‘Consensus-building’ and ‘leadership’

From our schools to our media to our bureaucracies, every aspect of our society is so infested with Cultural Marxism that ‘Newspeak’ has seriously corrupted not just our language, but our very ability to think clearly.  We no longer even recognize it when we hear it.

One such example is the currently popular claim that ‘leadership’ requires one to be skilled at ‘consensus building’.

First, let’s look at the meaning of ‘leadership’ and what constitutes ‘a leader’:

‘Leadership’ is the ‘ability to lead’, fulfilling the role or function of a ‘leader’.

‘To lead’ means to ‘show way by going in advance’, ‘to guide’, ‘to direct’, ‘to inspire’.

So, whom do we, as a society, regard as the greatest leaders of all times?  I did a little bit of googling on this – please, do the same.  While the leaders ‘closest’ to us necessarily dominate our cultural memory, there were some names that consistently keep being mentioned, by educational sites, journalistic/populist opinion sites and discussion boards alike.

In no particular order, these are just some of these names that keep cropping up over and over when people discuss ‘great leaders’:

  • Martin Luther King Jr.
  • Elisabeth I of England
  • Gengis Khan
  • Epicurus
  • Alexander the Great
  • Ghandi
  • Margaret Thatcher
  • Golda Meir
  • George Washington
  • Cyrus the Great
  • Winston Churchill
  • Muhammad
  • Constantine
  • Samudragupta
  • Wu Ti
  • Ivan III
  • Napoleon
  • Thomas Jefferson
  • Abraham Lincoln
  • C. D. Howe
  • Ronald Reagan
  • Bismarck

So, how many of these were known as ‘consensus builders’?

If I may quote from ‘What is ‘Cultural Marxism’?’, a guest-post on this blog by CodeSlinger:

Another example is the concept of intersubjective rationality, developed by Habermas, which replaces the individual process of reaching a conclusion based on the objective criterion that it follows from valid reasoning and known facts, on the one hand, with the social process of establishing a consensus supported by the subjective criterion that the group feels good about it, on the other hand. In today’s schools, those who do the former are maligned for being judgmental and demanding, while those who do the latter are praised for being good team players.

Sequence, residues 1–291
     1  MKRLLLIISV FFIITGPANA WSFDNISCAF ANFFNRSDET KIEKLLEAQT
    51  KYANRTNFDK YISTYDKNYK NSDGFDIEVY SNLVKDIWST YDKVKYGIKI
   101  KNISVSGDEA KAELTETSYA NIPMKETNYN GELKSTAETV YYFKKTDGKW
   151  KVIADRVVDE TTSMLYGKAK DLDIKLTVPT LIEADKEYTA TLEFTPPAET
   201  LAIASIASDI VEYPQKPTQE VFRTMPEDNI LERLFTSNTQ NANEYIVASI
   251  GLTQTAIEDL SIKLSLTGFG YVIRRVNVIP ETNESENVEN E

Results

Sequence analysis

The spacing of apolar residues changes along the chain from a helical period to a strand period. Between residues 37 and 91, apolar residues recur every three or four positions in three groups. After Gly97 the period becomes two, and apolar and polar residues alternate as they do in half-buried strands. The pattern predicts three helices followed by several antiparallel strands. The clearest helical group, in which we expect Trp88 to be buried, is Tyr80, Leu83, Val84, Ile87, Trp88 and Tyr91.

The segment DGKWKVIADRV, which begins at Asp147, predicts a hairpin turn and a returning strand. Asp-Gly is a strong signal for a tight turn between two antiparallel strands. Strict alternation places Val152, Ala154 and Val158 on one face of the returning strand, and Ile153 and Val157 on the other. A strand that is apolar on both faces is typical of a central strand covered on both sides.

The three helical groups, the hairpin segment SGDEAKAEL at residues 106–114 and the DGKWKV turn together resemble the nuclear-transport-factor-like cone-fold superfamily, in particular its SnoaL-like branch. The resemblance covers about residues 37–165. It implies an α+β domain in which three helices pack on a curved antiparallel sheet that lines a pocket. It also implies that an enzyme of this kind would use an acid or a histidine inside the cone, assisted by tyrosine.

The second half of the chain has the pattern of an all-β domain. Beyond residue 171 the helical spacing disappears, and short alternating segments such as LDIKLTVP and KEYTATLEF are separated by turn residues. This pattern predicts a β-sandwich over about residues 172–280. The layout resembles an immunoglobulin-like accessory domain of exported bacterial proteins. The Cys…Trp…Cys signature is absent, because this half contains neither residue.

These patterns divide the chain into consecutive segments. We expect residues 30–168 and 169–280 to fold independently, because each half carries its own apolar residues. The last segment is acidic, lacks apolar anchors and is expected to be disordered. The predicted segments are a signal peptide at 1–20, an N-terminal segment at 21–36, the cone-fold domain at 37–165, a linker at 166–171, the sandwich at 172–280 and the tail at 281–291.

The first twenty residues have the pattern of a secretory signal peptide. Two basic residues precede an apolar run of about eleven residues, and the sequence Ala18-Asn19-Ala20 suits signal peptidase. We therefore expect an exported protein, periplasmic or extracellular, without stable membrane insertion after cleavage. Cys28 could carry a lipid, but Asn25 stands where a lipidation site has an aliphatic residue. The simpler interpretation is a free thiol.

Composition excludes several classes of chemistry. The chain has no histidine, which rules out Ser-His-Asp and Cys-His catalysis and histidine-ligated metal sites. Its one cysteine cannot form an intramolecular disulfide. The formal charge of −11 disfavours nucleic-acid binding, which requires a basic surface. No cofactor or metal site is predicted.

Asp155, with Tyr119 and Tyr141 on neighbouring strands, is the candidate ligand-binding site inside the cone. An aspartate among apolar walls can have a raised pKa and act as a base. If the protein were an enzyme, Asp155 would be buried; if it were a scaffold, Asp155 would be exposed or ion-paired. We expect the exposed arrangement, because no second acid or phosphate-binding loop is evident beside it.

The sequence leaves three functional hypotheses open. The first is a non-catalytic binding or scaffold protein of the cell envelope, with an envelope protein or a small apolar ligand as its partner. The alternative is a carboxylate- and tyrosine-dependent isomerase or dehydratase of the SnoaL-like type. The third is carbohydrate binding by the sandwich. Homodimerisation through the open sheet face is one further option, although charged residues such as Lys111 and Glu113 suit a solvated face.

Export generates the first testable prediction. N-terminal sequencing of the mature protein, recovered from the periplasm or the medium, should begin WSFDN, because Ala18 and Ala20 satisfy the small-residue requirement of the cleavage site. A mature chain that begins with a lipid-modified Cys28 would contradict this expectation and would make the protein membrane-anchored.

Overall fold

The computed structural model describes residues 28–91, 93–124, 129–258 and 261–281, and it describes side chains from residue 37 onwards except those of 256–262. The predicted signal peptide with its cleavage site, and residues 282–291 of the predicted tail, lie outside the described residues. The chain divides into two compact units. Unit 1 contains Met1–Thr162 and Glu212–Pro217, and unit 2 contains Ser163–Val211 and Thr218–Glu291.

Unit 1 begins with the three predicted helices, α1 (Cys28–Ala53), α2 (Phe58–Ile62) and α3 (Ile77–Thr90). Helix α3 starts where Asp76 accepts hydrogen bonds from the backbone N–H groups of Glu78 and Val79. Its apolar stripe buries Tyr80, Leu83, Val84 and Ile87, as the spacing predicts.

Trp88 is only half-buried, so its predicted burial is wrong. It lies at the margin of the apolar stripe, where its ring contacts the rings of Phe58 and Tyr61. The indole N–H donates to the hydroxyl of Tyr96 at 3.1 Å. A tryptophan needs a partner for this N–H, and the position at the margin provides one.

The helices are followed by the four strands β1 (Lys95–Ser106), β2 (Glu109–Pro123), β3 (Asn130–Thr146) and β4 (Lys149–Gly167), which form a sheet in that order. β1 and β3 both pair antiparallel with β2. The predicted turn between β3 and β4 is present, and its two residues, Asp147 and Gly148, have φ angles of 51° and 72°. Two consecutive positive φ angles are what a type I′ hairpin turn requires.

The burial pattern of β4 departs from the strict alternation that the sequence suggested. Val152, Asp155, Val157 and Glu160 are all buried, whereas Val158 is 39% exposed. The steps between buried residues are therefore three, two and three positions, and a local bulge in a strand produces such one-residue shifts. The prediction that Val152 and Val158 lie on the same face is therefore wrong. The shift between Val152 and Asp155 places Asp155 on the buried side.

‘Consensus’ literally means ‘coming together’ (con) ‘of feelings’ (senses, sentiments).  Dictionaries typically define ‘consensus’ as an opinion or position reached by a group as a whole.

In other words, ‘consensus building’ is a form of governance a group of people will resort to when it lacks ‘leadership’.

How does this translate into the political world?  We are constantly bombarded with the message that great political leaders ought to be skilled at ‘consensus building’…

Our ‘Western’ societies have built-in safeguard mechanisms to ensure that ‘governments’ remain accountable to the citizens who elect them.  Perhaps the most important single element in this mechanism is that our elected bodies are based on the adversarial principle.

It is precisely because the political adversaries of those who propose a particular policy or course of action bring public scrutiny to it by publicly pointing out the flaws or shortcomings of this proposal that the issue is brought to public attention and thoroughly examined.  It is certainly not a pleasant process (nor is it meant to be pleasant), but it is one through which at least some light is shed onto what is being proposed – in as much detail as possible – and which engages the electorate in the debate (at least a little bit).

This is the method through which, in our system, we the citizens keep our elected politician accountable to us.  It is therefore important that we do nothing which would minimize this process!

What would happen if, before proposing a new law or introducing a new project, the head of the group that is proposing it went to all the elected representatives and put just enough of an ‘incentive’ into the proposal for each an every one of the representatives to not want to loose that ‘carrot’?

Certainly, any such project would be significantly costlier, because in addition to the core cost, it would now have to also bear the cost of a ‘carrot’ for each of the elected representatives – the bit that got them to ‘go along’ with it.

Of course, any such law or rule would be significantly more convoluted because it would now have to accommodate/fulfill/have exemptions for/’bundle in’ all the ‘carrots’  for each of the elected representatives – the ‘incentives’ that would be built in to it to ‘facilitate the building of the consensus’.

Every ‘quid’ would have a ‘quo’.

All policy would be shaped by back-room deals, where ‘consensus builders’ would be busy building ‘accommodations’ and ‘incentives’ into everything that would placate or mollify any potential dissent….among the elected representatives.

Once this process was done, the product would be presented to the public as a ‘done deal’.  I imagine the ‘dialog’ with the electorate would go something like this: